Las Vegas, NV
May 20, 2020
Garrison Keillor hits Las Vegas with a new solo show!
April 18, 2020
Garrison Keillor comes to the Rochester Civic Theatre for a night of stories, songs, poetry, and humor. Tickets $50 and up
February 19, 2020
Garrison Keillor with Heather Masse at the Dakota. Night 2 of 2. Tickets $30+
February 18, 2020
Garrison Keillor with Heather Masse at the Dakota. Night 1 of 2. Tickets $30+
Coming Home at Twilight in Late Summer
by Jane Kenyon
We turned into the drive,
and gravel flew up from the tires
like sparks from a fire. So much
to be done––the unpacking, the mail
and papers…the grass needed mowing…
We climbed stiffly out of the car.
The shut-off engine ticked as it cooled.
And then we noticed the pear tree,
the limbs so heavy with fruit
they nearly touched the ground.
We went out to the meadow; our steps
made black holes in the grass;
and we each took a pear,
and ate, and were grateful.
Jane Kenyon, “Coming Home at Twilight in Late Summer” from Collected Poems. Copyright © 2005 by The Estate of Jane Kenyon. Used by permission of The Permissions Company, LLC on behalf of Graywolf Press, Minneapolis, Minnesota, www.graywolfpress.org. (buy now)
It’s the birthday of filmmaker Cecil B. DeMille, born in Ashfield, Massachusetts (1881). He made 70 films from 1914 to 1956, and all but six of them made money. He loved to produce lavish spectacles with a cast of thousands, and his first splashy historical drama was Joan the Woman (1916), about Joan of Arc. Joan the Woman was one of the movies that lost money, so the studio didn’t green-light another spectacle for several years. But even when the plot line was fairly domestic, as in Don’t Change Your Husband (1919) and Why Change Your Wife? (1920), he often included elaborate flashback sequences of historical scenes.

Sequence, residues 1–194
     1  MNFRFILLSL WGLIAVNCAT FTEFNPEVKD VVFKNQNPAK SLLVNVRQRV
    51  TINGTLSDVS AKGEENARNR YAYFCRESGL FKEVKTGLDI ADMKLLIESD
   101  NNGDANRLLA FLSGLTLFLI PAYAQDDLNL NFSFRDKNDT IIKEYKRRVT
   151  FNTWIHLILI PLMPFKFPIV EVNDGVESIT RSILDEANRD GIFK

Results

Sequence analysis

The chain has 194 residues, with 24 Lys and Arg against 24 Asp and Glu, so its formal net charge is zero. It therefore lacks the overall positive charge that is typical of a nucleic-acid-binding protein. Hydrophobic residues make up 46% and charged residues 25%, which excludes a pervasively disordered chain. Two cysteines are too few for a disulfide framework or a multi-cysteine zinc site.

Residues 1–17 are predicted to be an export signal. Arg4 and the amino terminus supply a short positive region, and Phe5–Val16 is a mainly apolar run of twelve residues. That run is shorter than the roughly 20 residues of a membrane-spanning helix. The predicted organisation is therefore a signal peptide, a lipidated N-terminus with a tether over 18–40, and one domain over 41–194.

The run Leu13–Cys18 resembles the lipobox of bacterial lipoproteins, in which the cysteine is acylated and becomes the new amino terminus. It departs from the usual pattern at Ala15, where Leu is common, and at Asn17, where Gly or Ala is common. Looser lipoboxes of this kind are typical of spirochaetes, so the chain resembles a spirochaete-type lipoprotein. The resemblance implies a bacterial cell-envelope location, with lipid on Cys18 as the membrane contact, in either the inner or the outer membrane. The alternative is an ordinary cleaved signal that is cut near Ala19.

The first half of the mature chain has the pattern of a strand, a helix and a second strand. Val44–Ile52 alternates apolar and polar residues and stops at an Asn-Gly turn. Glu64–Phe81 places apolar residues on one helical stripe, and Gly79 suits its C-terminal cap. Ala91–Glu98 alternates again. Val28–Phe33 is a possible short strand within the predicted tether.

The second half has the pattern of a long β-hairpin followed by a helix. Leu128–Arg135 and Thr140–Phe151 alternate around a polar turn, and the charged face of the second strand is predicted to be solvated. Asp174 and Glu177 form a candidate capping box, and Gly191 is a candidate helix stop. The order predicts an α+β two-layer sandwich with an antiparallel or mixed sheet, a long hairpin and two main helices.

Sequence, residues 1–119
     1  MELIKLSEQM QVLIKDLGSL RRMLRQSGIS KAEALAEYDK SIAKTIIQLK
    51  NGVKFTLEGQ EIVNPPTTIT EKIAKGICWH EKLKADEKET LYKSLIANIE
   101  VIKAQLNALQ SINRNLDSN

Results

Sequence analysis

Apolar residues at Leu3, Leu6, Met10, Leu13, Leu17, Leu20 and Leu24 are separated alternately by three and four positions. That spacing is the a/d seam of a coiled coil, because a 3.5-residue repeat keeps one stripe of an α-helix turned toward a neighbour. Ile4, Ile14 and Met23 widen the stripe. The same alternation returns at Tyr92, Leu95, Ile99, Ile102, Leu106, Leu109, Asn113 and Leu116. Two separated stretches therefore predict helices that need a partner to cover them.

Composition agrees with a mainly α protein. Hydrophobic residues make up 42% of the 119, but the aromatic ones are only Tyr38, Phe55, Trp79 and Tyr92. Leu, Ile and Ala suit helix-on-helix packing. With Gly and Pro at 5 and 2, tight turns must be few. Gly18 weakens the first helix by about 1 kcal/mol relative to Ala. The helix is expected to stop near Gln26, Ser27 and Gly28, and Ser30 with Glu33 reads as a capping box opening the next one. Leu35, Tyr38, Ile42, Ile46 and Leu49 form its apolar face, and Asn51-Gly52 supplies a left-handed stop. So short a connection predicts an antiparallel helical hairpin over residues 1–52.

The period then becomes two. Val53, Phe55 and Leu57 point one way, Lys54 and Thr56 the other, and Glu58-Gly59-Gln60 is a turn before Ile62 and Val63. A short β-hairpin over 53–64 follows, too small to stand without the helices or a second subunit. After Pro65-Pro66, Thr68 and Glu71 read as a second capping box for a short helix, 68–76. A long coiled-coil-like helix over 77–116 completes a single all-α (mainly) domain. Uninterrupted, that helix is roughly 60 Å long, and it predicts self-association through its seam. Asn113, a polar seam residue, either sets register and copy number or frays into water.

He got a second chance at spectacle in 1923, when he made The Ten Commandments. It was one of the biggest moneymakers of the silent film era, but it went way over budget, and DeMille lost his job with Famous Players-Lasky, the studio with which he had had a contract. He remade The Ten Commandments in 1956, and while he was filming on location in Egypt, DeMille had a massive heart attack. He went back to work after a week, against his doctor’s orders. He managed to finish the film, but it was his last, and he died in 1959.
Echo 1, NASA’s first communications satellite, was launched on this date in 1960. Echo was inflatable: a giant Mylar balloon with a reflective aluminum coating. It was 10 stories tall and weighed only 132 pounds. It was visible to the naked eye, and brighter than most stars. It worked like a mirror, catching signals and reflecting them back down to Earth. Echo was designed by NASA’s Space Vehicle Group, and built by General Mills of Minneapolis.